"Drumbeats in the Language" by Jeremy Gable

Thu, 03/14/2013

We kick off our Studio X-Hibition New Play Development Series this Monday March 18 at 7:30pm with Bad Monster by Jeremy Gable. Jeremy answered some questions about approaching new work, his writing process, and hearing the “drumbeats in the language.
Join us for all three new plays in the series for just $20. Tickets to the individual plays are $10 each. Our subscribers enjoy free ticket to the series.

Next up: Flesh and Blood by Michael Hollinger on Monday, May 6 at 7pm and A Thousand Kinds of Silence by James Iljames on Monday June 24 at 7pm.

Name: Jeremy Gable

Production: Bad Monster - Studio X-Hibition Series

Past Credits:
Finalist for InterAct’s 20/20 Commission, featured in the PTC@Play Festival, member of The Foundry, former playwright-in-residence for the PDC @ Plays & Players Residency. His work has been seen in Philadelphia, Los Angeles, Washington DC and Twitter.

Career Highlights:
Wrote the first full-length original play to premiere on Twitter. Also wrote the first authorized play about the Internet religious phenomenon Flying Spaghetti Monsterism.

Connections to Philadelphia:
Moved to Philadelphia in 2009. During that time, worked as a playwright with Philadelphia Theatre Company, Plays & Players, Philadelphia Dramatists Center, and Secret Room Theater. As an actor, worked with Luna Theater Company, BCKSEETProductions, GDP Productions and Bright Light Theatre Company.


What themes or topics draw you to this piece in particular?

I’m interested in the way that we use fear as a tool for manipulation. When it comes down to it, it’s actually quite easy to gain control over another human being, and that power, and the ways in which to achieve it, fascinate me. It was also a way for me to revisit the forests of Idaho, which I would drive through in my childhood. I would see the occasional creepy shed off in the distance and wondered what thestory was there. I’m sure it’s not this story, but who knows?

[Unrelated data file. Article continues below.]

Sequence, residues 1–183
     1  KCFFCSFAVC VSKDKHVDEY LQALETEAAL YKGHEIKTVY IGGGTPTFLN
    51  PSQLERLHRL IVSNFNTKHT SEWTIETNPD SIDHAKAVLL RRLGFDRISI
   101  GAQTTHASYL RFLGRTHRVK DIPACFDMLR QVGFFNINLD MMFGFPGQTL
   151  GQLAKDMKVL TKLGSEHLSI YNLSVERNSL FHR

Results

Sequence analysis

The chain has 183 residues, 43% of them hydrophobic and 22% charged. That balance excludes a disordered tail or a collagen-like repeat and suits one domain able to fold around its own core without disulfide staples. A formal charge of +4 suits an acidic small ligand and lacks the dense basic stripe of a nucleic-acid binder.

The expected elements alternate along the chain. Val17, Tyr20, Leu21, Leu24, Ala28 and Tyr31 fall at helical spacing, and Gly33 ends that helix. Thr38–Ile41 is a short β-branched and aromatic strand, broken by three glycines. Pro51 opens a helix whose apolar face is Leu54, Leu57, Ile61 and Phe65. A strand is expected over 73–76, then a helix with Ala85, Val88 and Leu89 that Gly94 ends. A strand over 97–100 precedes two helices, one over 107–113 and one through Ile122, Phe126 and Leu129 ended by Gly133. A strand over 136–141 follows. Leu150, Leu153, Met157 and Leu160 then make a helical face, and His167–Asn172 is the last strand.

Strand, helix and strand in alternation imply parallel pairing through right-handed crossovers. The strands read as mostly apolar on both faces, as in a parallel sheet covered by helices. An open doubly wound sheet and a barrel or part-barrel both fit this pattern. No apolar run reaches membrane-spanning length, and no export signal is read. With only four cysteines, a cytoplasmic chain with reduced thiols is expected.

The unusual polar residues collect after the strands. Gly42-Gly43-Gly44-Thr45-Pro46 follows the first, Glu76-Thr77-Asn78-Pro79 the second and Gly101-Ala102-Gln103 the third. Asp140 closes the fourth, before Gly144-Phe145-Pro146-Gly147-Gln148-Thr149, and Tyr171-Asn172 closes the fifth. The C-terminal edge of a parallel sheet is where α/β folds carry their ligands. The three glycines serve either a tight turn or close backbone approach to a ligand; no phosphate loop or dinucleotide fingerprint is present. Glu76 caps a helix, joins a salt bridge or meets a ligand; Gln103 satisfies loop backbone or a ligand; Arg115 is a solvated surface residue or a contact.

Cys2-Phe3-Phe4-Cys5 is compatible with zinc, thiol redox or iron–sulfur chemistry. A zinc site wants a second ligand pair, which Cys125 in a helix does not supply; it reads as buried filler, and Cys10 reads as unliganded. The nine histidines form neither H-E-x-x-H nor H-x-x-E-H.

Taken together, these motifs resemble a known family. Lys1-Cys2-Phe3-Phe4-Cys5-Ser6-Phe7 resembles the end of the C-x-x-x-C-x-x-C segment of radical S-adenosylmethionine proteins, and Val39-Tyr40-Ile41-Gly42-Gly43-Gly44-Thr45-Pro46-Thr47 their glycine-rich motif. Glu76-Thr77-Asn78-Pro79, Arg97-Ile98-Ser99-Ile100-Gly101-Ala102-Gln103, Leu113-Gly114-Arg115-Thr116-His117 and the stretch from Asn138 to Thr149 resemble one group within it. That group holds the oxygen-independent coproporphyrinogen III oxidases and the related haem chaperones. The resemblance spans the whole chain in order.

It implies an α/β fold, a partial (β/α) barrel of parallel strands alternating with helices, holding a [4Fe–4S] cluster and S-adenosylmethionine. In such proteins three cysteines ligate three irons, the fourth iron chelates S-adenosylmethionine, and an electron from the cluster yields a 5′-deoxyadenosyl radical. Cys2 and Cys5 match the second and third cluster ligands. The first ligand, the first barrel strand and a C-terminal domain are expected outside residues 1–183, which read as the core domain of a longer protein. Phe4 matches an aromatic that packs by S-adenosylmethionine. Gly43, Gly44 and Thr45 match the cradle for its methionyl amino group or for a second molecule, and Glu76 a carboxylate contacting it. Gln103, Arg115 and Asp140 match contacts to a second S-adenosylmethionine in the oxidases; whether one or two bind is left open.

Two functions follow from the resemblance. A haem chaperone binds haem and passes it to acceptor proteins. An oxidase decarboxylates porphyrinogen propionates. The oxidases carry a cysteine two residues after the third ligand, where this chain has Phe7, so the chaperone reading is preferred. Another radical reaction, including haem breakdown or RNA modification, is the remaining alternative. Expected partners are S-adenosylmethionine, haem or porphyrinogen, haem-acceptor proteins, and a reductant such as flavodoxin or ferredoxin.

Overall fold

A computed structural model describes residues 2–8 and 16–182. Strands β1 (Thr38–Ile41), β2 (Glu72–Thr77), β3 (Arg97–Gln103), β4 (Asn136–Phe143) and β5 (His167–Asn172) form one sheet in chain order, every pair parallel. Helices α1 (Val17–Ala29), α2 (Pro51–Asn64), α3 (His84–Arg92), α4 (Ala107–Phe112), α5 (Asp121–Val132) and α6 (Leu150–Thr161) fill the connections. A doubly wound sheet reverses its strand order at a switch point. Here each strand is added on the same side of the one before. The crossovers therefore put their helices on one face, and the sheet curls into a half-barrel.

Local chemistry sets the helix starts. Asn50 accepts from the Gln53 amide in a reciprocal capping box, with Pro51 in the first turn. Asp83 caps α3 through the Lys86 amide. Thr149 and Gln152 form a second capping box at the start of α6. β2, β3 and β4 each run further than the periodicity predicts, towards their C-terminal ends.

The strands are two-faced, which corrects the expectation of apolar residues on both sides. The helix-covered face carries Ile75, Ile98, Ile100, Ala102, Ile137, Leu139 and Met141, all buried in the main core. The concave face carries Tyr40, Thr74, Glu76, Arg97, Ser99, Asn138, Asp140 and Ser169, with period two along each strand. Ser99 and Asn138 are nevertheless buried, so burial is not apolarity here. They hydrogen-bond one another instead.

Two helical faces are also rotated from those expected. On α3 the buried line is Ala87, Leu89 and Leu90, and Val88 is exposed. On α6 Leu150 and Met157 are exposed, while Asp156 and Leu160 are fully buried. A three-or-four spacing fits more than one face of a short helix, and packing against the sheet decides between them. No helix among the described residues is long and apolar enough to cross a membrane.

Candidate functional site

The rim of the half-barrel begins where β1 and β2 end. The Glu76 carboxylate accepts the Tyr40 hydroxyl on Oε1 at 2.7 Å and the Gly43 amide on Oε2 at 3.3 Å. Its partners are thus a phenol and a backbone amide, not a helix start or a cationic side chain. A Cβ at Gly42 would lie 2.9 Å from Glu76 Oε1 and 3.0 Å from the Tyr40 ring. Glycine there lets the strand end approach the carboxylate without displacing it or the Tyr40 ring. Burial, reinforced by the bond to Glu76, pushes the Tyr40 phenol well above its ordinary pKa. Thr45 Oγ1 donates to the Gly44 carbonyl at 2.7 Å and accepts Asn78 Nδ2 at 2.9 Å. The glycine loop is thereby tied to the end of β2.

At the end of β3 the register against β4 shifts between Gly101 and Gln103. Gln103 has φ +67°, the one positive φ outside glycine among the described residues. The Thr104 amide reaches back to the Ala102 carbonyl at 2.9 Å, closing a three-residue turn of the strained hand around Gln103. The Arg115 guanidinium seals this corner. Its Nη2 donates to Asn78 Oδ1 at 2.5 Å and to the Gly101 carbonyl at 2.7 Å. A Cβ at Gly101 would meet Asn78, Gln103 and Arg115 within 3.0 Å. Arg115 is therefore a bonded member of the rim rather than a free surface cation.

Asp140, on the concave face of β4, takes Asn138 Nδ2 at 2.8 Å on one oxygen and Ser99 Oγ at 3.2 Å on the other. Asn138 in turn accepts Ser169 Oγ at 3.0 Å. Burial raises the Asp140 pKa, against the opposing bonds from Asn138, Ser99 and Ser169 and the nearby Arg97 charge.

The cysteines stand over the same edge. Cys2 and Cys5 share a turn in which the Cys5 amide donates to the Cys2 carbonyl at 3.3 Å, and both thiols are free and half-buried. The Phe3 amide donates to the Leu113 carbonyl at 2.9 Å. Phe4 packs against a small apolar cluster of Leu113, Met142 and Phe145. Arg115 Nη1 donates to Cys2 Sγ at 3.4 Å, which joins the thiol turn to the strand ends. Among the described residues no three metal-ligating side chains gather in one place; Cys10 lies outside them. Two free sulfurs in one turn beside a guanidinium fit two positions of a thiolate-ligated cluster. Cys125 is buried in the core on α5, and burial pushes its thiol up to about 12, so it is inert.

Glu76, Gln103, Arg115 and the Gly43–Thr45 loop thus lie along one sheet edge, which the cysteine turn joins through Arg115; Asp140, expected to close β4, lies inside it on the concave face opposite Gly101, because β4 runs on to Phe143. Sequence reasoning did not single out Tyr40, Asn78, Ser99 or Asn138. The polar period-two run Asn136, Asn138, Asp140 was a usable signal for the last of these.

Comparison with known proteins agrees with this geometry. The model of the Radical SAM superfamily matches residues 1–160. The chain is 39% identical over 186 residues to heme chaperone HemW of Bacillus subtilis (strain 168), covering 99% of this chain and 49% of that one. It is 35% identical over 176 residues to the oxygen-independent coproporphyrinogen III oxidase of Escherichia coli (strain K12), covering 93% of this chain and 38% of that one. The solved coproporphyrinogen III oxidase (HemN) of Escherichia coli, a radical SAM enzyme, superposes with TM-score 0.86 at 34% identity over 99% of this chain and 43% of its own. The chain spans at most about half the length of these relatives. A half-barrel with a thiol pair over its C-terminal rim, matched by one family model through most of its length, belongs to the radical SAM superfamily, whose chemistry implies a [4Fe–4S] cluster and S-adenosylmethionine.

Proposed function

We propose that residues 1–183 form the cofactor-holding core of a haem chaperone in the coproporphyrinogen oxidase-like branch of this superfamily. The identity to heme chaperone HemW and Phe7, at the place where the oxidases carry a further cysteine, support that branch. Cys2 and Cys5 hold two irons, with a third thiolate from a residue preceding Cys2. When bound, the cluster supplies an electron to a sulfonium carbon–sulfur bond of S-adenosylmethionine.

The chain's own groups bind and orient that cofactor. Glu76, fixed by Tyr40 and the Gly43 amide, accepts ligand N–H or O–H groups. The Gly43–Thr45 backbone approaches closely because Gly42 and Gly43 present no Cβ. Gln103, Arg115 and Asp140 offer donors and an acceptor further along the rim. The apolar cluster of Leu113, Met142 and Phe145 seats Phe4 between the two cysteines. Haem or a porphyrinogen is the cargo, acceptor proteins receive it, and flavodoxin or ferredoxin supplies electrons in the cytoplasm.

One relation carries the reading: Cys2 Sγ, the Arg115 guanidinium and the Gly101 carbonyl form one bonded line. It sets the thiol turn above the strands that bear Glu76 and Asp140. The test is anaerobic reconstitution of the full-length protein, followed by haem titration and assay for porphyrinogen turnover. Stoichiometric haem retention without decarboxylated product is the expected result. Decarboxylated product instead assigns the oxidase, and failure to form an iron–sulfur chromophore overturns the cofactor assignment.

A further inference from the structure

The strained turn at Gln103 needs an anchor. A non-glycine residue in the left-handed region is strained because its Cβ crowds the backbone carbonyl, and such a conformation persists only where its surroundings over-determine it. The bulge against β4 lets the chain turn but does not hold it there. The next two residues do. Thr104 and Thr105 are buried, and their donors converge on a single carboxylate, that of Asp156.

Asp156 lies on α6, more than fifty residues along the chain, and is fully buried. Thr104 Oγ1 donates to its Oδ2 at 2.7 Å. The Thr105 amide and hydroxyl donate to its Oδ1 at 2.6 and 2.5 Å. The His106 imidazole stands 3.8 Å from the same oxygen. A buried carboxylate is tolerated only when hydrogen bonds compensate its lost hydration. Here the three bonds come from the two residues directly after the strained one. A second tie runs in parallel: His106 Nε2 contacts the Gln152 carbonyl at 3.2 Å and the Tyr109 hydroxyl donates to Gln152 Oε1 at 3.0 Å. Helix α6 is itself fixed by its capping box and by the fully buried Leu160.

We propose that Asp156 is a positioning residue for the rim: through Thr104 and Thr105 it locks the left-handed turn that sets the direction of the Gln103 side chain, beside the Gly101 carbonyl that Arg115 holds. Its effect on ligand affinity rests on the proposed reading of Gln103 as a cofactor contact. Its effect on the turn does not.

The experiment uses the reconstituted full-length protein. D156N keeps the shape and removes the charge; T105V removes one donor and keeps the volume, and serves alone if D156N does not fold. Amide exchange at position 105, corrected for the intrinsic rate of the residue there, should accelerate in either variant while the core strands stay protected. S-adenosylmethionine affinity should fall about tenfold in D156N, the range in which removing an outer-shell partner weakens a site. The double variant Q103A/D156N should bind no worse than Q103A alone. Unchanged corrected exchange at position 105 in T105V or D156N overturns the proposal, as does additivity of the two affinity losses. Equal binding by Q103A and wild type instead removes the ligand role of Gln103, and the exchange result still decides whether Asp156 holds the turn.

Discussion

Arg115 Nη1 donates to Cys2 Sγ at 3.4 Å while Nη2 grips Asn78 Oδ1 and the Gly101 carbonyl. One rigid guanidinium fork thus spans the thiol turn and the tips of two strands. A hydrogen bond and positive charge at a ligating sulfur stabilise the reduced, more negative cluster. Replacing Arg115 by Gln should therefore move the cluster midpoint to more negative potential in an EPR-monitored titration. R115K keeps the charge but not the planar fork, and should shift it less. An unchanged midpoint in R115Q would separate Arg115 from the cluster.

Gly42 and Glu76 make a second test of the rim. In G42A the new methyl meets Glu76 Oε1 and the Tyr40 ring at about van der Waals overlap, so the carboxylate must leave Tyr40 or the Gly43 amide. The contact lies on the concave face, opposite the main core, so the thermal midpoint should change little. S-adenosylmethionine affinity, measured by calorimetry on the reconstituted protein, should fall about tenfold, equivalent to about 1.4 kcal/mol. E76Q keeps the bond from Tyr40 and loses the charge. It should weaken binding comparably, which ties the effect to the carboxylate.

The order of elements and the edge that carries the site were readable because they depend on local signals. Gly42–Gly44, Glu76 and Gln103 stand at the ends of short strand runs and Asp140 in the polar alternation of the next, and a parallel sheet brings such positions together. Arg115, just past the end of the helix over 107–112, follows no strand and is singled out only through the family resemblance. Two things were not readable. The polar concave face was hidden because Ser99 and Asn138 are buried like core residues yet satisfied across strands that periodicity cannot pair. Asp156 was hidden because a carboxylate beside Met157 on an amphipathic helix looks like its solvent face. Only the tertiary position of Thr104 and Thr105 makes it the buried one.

What are you most excited for in tackling this piece?

The rhythms of the piece, getting to hear the drumbeats in the language. I’m also excited to explore the storytelling aspect of the play, to bring an audience into the Grimm-like stories that Lorenzo tells.

What is your preparation process like for this piece?

For this piece, it was reading a lot of fairy tales and doing research on what constitutes a “monster” in various cultures. For Smoky’s dialogue in particular, I listened to the way that small children spoke, the effort that it takes them to complete an entire thought.

What are some of your favorite quotes or line from the piece?

I hope that “People are not food” becomes a catchphrase. As well as being asked to “kite me.”  I would also love for conspiracy videos of the Kyjinn to start appearing on Syfy.

What do you think Exile audiences will gain from this production?

I would hope that the audience would feel the way they do at every Exile show: Not sure what to expect in the moment, and then being left with some interesting questions about our culture and society after the bows.

Why do you think Exile chose to do this work right now?

Well hopefully because there is something in the script that resonated with them. In the 21st century,issues of privacy and surveillance have been increasing, and the rise of 24-hour news networks have made the language of our culture one of hyperbole, hypothesis and fear.

Why should people come see this show?

It’s a story told with urgency, humor and fear. It should make for a pretty thrilling night of theatre.

What’s the best part of your job?

I love the collaborative process. The first phase of playwriting is such a solitary experience that I love getting to release the play into the wild and let it roll around with a group of talented people. That’s when the story truly takes shape.

What thought runs through your mind after every performance?

“Who needs a drink? This guy!”